Silly Solly’s plans major expansion with 200 new jobs
DISCOUNT chain Silly Solly's is planning to open 12 new stores in 2020, creating more than 200 jobs as its defies a brutal downturn in the retail sector.
The chain, which uses the slogan "Nothing Over $5", has been on an aggressive expansion path after relaunching in 2017.
Silly Solly's, which sells everything from bedding to chocolates from its network of 17 stores, was founded 30 years ago by Solly Stanton, who remains a shareholder and advisor.
The company recently opened a 2000 square metre store on the Gold Coast along with outlets at Morayfield and Toowoomba.
However, the brand was reborn in 2017 at Rockhampton and Mr Stanton said the company was now on a mission to "make shopping great again".
He said since relaunching Silly Solly's two years more than 500 jobs had been created with another 200 likely with the planned store openings in 2020.
"The old saying that the poor need a bargain and the rich want a bargain rings true," he said. "We have 10,000 products with nothing over $5."
The locations of the 12 new stores was yet to be determined but the majority would be located in the Brisbane, Sunshine Coast and Wide Bay areas.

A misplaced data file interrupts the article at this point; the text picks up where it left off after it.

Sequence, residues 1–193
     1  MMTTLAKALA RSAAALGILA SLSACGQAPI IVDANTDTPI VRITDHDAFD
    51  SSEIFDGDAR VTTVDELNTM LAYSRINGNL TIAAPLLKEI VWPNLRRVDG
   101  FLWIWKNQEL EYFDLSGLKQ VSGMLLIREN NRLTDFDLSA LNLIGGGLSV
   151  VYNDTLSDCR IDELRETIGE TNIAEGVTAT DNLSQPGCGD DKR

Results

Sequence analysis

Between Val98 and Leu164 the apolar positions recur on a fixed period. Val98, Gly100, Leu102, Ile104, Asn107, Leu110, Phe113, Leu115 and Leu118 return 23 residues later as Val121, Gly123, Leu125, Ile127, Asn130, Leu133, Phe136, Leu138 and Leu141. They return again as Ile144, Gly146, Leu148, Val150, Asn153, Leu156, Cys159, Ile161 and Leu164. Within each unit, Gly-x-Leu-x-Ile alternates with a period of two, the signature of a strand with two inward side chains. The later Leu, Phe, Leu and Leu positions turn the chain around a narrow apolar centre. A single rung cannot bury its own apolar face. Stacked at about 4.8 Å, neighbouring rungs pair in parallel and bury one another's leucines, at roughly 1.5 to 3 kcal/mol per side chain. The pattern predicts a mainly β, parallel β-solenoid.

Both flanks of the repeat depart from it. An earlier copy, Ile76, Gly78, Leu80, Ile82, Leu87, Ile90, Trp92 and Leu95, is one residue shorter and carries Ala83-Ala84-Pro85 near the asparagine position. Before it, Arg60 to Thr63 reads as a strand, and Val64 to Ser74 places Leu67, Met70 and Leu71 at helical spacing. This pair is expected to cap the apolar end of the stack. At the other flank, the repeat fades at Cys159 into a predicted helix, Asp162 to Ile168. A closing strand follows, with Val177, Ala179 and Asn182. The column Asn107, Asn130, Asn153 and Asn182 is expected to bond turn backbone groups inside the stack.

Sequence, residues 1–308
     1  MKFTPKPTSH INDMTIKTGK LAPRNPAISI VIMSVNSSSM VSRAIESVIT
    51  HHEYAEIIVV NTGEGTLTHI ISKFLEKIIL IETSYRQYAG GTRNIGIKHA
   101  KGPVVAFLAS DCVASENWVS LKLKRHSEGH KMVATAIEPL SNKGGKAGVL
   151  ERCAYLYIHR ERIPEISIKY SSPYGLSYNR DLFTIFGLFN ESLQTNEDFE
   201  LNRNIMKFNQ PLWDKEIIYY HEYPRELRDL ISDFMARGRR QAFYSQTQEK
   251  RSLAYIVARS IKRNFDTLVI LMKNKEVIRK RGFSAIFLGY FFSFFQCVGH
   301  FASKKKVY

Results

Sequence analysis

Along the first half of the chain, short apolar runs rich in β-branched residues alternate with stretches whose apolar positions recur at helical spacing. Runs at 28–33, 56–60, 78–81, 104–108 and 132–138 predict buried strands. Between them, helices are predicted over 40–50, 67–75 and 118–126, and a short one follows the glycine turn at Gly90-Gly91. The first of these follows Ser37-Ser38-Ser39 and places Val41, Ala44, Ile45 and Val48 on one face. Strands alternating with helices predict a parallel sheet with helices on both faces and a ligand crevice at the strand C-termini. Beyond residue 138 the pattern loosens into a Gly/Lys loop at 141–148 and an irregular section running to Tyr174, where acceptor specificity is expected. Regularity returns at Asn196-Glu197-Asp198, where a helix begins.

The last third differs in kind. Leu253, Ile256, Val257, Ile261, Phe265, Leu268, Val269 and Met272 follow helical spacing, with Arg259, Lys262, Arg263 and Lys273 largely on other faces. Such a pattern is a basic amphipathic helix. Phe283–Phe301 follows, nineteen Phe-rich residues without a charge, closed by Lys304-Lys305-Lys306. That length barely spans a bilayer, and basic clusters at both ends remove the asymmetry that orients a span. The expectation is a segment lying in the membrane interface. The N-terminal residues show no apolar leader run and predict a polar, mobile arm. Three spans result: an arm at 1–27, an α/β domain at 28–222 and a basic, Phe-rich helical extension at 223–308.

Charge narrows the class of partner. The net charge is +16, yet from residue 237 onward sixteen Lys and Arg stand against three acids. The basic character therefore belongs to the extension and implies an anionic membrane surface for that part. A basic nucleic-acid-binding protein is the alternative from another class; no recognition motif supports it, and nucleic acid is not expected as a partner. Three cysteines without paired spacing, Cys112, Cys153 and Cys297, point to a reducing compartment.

Potential sites in New South Wales and Victoria also was being examined.
"They want us in Sydney," said Mr Stanton.
"In Queensland, we are going back to regional towns and coal towns where they have nothing."
Silly Solly's operated under a licensee model, rather than as a franchise, which means store owners make all the major decisions about shop location and other operational issues.
Mr Stanton said the power of the Silly Solly's brand meant that sometimes landlords would contribute to the establishment costs of a new store.
"They want us so occasionally they will make a contribution to the fit-out and stuff like that," he said. 'It's definitely more attractive to people in terms of startup costs than a franchise."
Mr Stanton said that one of the strengths of the Silly Solly brand was that it did not sell online.
"You go into David Jones and people have got their phones out to take a photo and to compare it to the price online," he said. "Our customers don't do that."